Head of Building Control & Land Charges
Garry has stopped his weekly postings, but you can still read his stories here ...
Garry is the lead for Building Control and Land Charges at Adur & Worthing Councils. He joined the authority in 2008.
His team make sure that the buildings that we all live in, work in and visit are safe, healthy, accessible and energy efficient when first built or altered. They also oversee the production and supply of searches requested by solicitors who you sell or buy properties.
Garry’s blogs will explore hot topics in Building Control - looking at home improvements and appointing architects, surveyors and builders and may even give some guidance on applying for planning and building regulation consents.
You can read Gary's archived 2017 blog posts on this page below:
So another week has passed; It's been very busy again and I can hardly believe it's Friday already.
With winter rolling in and people starting to retreat indoors, I am reminded of the importance of good insulation in improving home comfort and reducing energy bills.
In this age of technology, it is no surprise to learn that insulation products have changed dramatically - with household products even being used in space travel!
Yes, the use of multi foil insulation can be out of this world, particularly if used correctly in a loft conversion project.
So what is multi foil some of you may be saying?
As the name suggests it is a form of insulation made up of layers of different materials with aluminium style foils typically 18 to 25mm thick.
For compliance with Building Regulations it is frequently used with a traditional insulation and sometimes in double layers with an air gap. These insulations are easy to use and perform very well if used correctly. But, they have to be installed, correctly to work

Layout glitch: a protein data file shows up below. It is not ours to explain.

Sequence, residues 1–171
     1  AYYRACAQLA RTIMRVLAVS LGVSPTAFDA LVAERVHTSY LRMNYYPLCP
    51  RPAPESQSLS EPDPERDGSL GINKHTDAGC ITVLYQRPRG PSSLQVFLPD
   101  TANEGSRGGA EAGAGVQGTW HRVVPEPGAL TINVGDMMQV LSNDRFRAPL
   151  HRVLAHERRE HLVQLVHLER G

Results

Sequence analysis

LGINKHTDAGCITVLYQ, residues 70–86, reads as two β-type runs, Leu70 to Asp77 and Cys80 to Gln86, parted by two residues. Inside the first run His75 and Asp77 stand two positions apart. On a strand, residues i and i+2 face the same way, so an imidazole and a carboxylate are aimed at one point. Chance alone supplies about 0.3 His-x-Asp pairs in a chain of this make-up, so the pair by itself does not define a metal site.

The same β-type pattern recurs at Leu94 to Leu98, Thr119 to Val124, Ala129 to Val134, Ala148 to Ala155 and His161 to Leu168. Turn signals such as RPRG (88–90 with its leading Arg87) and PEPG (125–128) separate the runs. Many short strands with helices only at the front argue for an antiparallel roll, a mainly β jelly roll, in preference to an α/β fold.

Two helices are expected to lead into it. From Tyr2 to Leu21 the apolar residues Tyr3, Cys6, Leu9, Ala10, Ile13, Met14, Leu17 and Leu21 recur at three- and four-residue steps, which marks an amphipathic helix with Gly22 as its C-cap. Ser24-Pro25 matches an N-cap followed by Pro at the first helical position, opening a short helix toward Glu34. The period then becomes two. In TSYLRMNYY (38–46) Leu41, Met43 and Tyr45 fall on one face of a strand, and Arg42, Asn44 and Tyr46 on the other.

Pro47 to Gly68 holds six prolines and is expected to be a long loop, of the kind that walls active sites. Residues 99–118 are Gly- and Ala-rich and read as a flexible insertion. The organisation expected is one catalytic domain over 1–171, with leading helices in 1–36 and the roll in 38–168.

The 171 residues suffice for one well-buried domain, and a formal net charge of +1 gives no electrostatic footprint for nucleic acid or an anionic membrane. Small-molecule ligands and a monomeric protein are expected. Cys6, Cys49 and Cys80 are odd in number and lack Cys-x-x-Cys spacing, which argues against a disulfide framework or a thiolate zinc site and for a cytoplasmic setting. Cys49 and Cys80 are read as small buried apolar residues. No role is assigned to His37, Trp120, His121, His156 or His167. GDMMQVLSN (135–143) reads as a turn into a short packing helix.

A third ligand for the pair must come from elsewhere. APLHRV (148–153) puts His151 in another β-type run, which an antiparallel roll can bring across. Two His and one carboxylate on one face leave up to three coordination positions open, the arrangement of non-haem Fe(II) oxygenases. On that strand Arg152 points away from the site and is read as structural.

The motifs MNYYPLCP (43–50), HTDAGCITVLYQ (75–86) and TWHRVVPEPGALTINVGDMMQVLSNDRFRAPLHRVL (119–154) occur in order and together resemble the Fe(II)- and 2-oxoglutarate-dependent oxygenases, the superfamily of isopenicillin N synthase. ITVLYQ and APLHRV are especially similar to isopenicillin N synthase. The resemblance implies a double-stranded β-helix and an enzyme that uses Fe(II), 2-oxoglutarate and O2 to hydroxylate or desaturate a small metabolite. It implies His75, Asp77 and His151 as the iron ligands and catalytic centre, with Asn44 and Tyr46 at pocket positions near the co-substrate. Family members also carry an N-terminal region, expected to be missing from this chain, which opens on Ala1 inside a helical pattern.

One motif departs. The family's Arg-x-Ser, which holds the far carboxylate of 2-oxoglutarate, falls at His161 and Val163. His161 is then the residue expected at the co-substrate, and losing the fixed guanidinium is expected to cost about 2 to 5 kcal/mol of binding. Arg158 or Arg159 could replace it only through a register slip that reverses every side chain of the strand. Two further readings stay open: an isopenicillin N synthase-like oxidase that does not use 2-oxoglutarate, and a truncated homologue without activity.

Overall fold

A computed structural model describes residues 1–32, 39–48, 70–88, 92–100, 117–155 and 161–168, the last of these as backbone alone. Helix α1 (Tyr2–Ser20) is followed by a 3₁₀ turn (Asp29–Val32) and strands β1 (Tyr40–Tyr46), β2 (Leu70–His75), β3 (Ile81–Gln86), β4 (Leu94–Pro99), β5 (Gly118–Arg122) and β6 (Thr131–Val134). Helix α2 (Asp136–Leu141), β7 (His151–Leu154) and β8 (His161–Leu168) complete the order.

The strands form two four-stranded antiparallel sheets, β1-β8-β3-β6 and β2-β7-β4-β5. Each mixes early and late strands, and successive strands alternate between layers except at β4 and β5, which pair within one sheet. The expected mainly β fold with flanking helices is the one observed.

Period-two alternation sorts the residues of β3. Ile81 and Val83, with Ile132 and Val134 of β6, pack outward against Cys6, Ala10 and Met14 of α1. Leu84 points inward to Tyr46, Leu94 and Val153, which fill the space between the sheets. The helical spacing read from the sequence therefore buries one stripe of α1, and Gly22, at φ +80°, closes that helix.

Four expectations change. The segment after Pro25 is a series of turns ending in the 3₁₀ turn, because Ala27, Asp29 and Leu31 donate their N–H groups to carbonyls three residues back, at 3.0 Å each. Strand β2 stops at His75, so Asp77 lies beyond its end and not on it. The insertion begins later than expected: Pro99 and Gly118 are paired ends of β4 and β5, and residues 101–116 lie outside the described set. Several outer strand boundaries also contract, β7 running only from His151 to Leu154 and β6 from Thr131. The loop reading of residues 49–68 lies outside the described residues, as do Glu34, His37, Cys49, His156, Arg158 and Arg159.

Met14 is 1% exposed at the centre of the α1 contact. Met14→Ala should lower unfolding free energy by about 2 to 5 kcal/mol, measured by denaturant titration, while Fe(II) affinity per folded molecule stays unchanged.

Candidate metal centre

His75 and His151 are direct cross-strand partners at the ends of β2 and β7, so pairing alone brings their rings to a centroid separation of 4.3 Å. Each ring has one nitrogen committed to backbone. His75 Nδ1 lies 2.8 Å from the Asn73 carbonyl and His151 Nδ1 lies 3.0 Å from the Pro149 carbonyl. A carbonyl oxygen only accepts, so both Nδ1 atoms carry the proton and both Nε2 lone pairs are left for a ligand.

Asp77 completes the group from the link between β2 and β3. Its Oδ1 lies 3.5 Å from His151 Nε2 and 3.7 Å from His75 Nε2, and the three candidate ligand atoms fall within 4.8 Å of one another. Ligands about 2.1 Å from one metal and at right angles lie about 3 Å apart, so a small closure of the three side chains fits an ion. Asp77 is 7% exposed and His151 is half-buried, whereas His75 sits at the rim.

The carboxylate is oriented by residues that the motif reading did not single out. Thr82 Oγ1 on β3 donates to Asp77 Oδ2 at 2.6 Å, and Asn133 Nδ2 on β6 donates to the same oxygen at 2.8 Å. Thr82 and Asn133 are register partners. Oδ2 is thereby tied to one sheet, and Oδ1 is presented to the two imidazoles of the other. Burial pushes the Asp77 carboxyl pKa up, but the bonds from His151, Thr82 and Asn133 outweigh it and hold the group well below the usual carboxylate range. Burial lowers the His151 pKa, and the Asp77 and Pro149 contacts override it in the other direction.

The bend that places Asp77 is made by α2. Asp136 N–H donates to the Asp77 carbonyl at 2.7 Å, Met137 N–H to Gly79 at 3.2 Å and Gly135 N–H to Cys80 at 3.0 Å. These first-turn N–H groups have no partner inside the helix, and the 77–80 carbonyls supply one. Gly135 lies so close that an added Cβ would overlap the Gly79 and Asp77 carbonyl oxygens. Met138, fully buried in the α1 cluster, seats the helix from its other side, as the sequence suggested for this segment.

We had a case recently where things didn't exactly go to plan.
Mr Jones (not his real name) commissioned a specialist company to design and construct a loft conversion to provide a further bedroom and shower room. This company also appointed an external Building Control provider.
All appeared to go reasonably well until the first very cold snap and we received a call to ask why the room was so cold despite being heated. We had not provided the Building Control service but the owner asked us to assist him in investigating the problem.
We found that a multi foil insulation had been used in isolation and the manufacturer's installation details had not been followed. The resolution to this was costly and disruptive unfortunately but it was resolved and the difference in the end was remarkable. Another job well done for our team!
And remember, for anyone wanting to submit and application for planning consent and / or building control visit the planning portal.
If you have a one-off Building Regulations application for some minor work at home and have any problems you can just email email@example.com giving us a contact phone number and we'll take you through it on the phone so that by the end of the call you will have deposited your application.
Hope to hear from you soon!
Welcome to my second blog in this mini series looking at Building Control and dipping into Planning sometimes.
Last week I said I would look at how and when to get involved with Building Control and Planning and offer some guidance in terms of appointing Architects and Builders.